I agree that had MEMIC raised the compensation rate issue in the course of the arbitration
proceedings, the arbitrator would have been obligated to decide it. Had sufficient credible
evidence been presented to him, certainly it would have been within his authority to order
MEMIC to reimburse Liberty only for the benefits he determined Claimant should have received,
and not for any overpayments he found Liberty to have made. MEMIC failed to present any
evidence at all on the issue, however. As a consequence, there simply is no basis from which to
conclude that the arbitrator’s decision was flawed as a result of some miscalculation or mistake
In effect, the “modification” MEMIC seeks now is an opportunity to litigate before the
commissioner a question that it should have raised before the arbitrator. It asserts that it did not
have access at the time to the financial information it would have required to question Liberty’s
compensation rate calculations, but I find this argument unconvincing. Faced with potential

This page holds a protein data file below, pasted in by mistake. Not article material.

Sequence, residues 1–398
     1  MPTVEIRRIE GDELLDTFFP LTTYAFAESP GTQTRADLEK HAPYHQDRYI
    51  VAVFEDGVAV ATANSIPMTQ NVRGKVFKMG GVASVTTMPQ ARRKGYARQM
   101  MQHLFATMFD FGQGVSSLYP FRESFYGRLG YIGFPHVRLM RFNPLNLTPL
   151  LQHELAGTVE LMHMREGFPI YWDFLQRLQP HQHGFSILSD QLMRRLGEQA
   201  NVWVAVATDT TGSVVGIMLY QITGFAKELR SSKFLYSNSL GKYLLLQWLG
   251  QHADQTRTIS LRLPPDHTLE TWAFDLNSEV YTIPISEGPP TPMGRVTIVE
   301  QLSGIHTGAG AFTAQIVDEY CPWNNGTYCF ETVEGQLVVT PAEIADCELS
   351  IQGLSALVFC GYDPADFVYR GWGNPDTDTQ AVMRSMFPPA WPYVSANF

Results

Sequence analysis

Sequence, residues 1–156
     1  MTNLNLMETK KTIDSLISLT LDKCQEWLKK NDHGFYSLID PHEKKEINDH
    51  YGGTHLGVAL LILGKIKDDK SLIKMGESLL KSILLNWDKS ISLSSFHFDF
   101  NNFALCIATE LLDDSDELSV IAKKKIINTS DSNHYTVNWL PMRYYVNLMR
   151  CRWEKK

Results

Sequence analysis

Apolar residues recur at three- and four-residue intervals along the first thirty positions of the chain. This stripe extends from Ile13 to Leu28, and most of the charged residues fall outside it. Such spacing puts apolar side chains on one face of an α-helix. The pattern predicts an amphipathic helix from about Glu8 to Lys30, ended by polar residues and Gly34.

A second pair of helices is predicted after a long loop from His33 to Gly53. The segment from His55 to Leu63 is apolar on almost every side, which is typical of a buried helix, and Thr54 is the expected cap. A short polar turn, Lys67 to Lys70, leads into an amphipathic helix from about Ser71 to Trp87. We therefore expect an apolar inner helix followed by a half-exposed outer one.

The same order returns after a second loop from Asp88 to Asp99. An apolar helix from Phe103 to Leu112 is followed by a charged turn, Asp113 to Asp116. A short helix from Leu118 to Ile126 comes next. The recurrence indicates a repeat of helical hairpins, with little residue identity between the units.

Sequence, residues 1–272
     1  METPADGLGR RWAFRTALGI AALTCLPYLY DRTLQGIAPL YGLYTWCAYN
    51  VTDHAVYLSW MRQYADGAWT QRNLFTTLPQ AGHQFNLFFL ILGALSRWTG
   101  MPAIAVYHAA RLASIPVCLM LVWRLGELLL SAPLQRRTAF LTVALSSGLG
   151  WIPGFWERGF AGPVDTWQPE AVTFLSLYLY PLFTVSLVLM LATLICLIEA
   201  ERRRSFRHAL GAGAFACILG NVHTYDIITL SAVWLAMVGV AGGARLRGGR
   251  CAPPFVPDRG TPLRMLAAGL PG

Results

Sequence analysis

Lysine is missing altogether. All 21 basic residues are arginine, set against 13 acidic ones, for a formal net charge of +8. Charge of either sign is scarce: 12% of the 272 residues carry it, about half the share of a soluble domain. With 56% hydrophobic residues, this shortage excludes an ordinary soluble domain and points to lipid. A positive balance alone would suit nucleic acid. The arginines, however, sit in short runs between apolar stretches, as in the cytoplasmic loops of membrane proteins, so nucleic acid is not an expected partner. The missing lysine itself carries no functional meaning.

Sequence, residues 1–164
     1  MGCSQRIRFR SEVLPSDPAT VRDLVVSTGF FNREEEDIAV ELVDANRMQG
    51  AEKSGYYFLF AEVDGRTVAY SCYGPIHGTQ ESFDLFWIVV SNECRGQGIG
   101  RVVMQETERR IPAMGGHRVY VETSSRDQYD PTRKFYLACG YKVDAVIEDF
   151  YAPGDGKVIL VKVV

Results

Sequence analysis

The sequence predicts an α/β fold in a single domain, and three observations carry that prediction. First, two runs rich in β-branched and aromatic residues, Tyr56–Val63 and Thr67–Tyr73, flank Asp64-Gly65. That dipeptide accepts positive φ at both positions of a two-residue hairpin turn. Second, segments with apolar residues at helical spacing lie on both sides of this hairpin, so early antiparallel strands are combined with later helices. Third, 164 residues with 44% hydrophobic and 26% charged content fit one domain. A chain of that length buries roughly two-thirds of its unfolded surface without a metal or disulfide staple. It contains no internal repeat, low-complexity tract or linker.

liability for all or a portion of the benefits Liberty had paid, it should have been a routine
exercise for MEMIC to request an itemized list of the payments made to date, along with the
wage statements and compensation agreements upon which any indemnity payments were based.
That it failed to do so is unfortunate, but it is not grounds for modifying the arbitrator’s award.
I agree, as MEMIC asserts, that public policy favors accuracy in calculating the benefits due an
injured worker under the workers’ compensation statute. When mistakes occur, public policy
favors that the factual and legal issues be promptly raised so that they can be resolved in a timely
and effective manner. Public policy also favors that disputes not be litigated in piecemeal
fashion. Last, public policy favors respect for the arbitration process, and particularly for the
statutorily imposed finality of the arbitrator’s decision and order. Balancing all of these policy
considerations, I conclude that there is no basis for either vacating or modifying the award in this
Based on the foregoing, Defendant MEMIC’s Motion for Relief from Arbitration Order is hereby
DATED at Montpelier, Vermont this 2nd day of May 2014.
Anne M. Noonan
Within 30 days after copies of this opinion have been mailed, either party may appeal questions
of fact or mixed questions of law and fact to a superior court or questions of law to the Vermont
Supreme Court. 21 V.S.A. §§670, 672.
Jeffrey Wimble v. Green Mountain Coffee Roaster/ MEMIC and (May 2, 2014)